Expect the new Verkhovna Rada to be Servants of Zelenskyy.

Nationwide PR in a big country

Ukraine and the Russian Federation have represented, at various times, the only two examples I know of using a single-nationwide district with a magnitude greater than the 150 used in the Netherlands* and Slovakia. (Israel’s single district has M=120, Namibia’s M=72.) [But see JD’s comment for an intermediate example.]

As it happens, both Ukraine and Russia have used the same magnitude, 450, with closed lists, when they have had the single-national district. For Ukraine, such a system was used in 2006 and 2007; for Russia, 2007 and 2011. By contrast, in 1998, 2002, and 2012, Ukraine used a mixed-member majoritarian system (225 M=1 districts, and a nationwide non-compensatory M=225 district), as did the Russian Federation in post-Soviet elections before 2007.

Nationwide closed lists could have the effect of biasing representation towards the capital and other major cities, given the (potential) control of the lists by the central party leadership, and the absence of institutional imperative to offer regional or personalized representation. On the other hand, they could encourage parties to present candidates from even those regions where they are not strong, because a vote anywhere counts towards the party’s overall seat total, and because even in closed lists the presence of candidates from a region might signal to voters in the region that the party is responsive to their needs. In the only study I know of in the political science literature to address such questions, Latner and McGann find some bias towards the most important cities, but also an over-representation of peripheral regions in Israel and the Netherlands.

What about Ukraine? The pattern could be different in a much larger country, with clear regional divides in its politics. A blog post by Erik Herron, Univ. of Kansas, and one of my “Party Personnel” collaborators, offers interesting data on candidate and MP residency in the 2007 election.

Key point regarding 2007 winners:

Kyiv residency is dominant, accounting for more than half of all elected deputies. The Party of Regions is better represented through the reported residency of its elected deputies in some eastern areas (e.g., Donetsk) and the opposition is better represented in western areas (e.g., BYuT in Galicia). But, parties can also claim elected deputies who report residency in “enemy” territory.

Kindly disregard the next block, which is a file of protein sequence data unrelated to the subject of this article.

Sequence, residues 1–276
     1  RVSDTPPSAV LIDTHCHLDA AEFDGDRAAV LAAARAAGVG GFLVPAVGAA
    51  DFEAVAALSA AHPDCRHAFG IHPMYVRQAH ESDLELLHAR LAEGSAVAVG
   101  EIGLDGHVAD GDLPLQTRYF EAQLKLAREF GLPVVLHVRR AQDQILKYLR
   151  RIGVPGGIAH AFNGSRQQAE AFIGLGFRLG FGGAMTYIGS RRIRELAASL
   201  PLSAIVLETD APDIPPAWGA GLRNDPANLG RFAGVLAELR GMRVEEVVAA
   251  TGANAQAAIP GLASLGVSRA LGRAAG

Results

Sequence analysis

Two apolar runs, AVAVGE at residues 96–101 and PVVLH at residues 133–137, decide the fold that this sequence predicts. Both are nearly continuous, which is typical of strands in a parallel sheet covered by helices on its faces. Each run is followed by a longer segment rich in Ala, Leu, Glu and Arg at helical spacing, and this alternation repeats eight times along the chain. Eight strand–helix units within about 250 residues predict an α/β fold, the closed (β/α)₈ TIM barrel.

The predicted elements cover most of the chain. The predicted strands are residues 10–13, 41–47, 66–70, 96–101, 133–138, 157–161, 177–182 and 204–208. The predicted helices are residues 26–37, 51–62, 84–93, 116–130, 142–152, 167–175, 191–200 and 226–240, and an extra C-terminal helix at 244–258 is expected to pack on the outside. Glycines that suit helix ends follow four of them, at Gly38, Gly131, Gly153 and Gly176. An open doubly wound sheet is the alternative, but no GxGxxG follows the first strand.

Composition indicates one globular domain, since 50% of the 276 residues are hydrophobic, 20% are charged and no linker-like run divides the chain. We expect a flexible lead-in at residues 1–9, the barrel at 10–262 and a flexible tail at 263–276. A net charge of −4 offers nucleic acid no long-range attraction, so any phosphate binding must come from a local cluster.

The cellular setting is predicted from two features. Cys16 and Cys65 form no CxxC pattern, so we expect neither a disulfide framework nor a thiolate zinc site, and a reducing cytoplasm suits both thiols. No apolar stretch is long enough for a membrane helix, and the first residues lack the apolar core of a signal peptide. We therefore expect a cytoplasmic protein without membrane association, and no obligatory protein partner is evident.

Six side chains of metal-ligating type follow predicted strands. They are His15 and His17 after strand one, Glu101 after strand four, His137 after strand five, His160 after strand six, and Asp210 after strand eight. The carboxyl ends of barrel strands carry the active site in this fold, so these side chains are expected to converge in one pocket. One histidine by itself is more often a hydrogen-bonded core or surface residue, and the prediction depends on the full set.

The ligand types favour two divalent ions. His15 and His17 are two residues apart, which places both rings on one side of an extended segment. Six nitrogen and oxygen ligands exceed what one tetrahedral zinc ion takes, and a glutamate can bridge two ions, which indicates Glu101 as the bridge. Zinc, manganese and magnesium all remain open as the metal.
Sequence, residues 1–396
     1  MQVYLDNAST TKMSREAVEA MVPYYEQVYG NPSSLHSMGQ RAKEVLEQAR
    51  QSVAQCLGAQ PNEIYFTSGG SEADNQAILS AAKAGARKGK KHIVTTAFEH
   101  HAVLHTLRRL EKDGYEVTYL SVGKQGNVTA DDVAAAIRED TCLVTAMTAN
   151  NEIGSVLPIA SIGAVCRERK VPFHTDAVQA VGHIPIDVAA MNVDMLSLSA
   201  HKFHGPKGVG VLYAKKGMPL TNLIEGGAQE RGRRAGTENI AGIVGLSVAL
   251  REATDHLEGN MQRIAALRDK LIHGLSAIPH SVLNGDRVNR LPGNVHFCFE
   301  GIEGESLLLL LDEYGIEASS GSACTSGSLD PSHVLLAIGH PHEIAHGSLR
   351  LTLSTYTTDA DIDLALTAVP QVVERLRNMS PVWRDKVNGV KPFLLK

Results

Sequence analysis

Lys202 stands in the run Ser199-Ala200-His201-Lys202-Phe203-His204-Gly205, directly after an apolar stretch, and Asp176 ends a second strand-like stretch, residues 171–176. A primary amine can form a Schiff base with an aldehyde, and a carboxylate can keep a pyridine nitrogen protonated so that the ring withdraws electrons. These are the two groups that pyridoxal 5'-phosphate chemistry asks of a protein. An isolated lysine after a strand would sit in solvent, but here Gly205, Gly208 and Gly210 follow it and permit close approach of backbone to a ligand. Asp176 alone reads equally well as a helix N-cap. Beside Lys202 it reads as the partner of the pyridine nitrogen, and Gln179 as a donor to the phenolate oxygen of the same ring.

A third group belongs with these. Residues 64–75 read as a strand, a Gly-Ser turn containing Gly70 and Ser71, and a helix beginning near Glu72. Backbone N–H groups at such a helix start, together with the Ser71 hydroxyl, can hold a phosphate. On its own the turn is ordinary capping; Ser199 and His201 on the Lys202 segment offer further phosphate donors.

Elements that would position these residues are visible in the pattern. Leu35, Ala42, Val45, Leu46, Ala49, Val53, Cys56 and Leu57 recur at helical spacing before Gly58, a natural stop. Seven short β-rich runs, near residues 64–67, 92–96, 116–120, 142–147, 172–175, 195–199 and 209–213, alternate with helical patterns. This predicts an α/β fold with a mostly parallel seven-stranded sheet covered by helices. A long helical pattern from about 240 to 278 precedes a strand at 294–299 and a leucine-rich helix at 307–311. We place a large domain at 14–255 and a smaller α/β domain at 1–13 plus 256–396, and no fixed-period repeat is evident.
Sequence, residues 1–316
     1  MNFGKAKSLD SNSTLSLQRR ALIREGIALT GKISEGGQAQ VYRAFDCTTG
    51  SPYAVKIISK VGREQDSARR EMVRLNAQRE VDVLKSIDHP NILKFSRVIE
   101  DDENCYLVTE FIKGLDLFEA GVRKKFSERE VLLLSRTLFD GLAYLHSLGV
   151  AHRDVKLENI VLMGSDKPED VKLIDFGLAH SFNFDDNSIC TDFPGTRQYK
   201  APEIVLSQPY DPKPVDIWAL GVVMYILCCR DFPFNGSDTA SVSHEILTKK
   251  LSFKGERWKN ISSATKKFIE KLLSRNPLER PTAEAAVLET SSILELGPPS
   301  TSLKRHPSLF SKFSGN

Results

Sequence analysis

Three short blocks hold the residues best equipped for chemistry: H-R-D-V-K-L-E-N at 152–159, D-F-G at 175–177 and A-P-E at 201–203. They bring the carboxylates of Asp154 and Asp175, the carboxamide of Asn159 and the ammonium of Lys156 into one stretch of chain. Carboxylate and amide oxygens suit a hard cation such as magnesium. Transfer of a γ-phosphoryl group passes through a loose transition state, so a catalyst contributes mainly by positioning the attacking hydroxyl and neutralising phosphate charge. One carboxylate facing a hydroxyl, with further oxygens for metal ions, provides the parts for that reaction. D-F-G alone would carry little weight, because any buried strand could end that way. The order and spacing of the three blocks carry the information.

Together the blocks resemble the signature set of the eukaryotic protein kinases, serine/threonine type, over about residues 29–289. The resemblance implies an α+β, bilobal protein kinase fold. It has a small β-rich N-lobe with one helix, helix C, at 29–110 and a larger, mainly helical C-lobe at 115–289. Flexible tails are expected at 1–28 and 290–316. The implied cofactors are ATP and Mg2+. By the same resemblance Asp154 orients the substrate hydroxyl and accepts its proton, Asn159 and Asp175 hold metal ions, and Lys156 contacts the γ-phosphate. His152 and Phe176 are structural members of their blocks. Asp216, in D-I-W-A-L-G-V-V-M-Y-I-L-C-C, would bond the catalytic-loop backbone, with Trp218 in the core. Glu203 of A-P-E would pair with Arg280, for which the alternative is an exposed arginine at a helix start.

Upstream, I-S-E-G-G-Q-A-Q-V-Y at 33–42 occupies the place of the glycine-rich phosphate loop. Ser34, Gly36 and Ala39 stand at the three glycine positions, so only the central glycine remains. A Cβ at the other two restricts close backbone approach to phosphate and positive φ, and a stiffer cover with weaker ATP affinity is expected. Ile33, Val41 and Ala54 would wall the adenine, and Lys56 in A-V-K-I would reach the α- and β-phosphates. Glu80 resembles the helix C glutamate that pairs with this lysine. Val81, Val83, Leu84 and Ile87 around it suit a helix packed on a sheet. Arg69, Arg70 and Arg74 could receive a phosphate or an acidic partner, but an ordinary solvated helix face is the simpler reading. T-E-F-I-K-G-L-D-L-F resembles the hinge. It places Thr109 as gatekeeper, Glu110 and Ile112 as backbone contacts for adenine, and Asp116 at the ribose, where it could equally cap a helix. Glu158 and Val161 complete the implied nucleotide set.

Meanwhile, Russian Federation president Vladimir Putin today signed into law a return of his country’s electoral system to the mixed-member system. While the article is not explicit about the relation of the two tiers, I assume it will again be MMM (non-compensatory). Given the decline in the standing of the ruling United Russia, it makes sense that Putin would prefer a move towards a system that is both disproportional and favorable to “independents” who have local bases of support that exceed the popularity of the ruling party’s label. In this respect, it would be identical to the change in Ukraine prior to the 2012 election. That change worked strongly in favor of the Putinist forces of that country, buying them time to acquire the finest in home furnishings.

Now that Russia is moving back to MMM, and Ukraine is moving on from the Yanukovych/Party of Regions era, maybe Ukraine will go back to the pure PR system. If they ask me, I certainly would not recommend the single national district, however. Either districted PR, without too much variation in magnitude, or MMP would be my advice.

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* In a very technical sense, the Netherlands has districts for nomination purposes. But for all practical purposes, it is a single district. It also allows preference voting for candidates on the list (though list ranks are more important), as does Slovakia, and as Israel does not. Russian and Ukrainian lists have always been closed, as are Namibia’s, to the best of my knowledge.

“Why threaten to drop out of a presidential election you are likely to win?”

Bret Barrowman, writing at The Monkey Cage, asks a good question about Georgian Dream presidential candidate, Giorgi Margvelashvili.

It is an even better question when the presidency is about to become an essentially ceremonial position. Georgia is completing a long, multi-step, process of conversion from (effectively) a pure presidential system, to a president-parliamentary system, to premier-presidentialism, to a variant of the latter that might be almost parliamentary.

Georgia’s presidential election–the first round, that is–will be 27 October.

MMM returning to Russia?

A return of the Russian Federation electoral system to mixed-member majoritarian (MMM, also known as a “parallel” system) is underway. Essentially, it would return the county to the system used until ten years ago, when it was replaced by a single national district (450 seats), closed lists. Under the new-old MMM system, half the seats would continue to be elected in a nationwide closed-list contest, while the other half would consist of single-seat districts (plurality rule).

As noted in the Boston Globe:

But while the prospect of individual candidacies suggests a liberalizing of a political system often criticized as heavily tilted in favor of Putin and the governing authorities, history shows that they can actually have the opposite effect.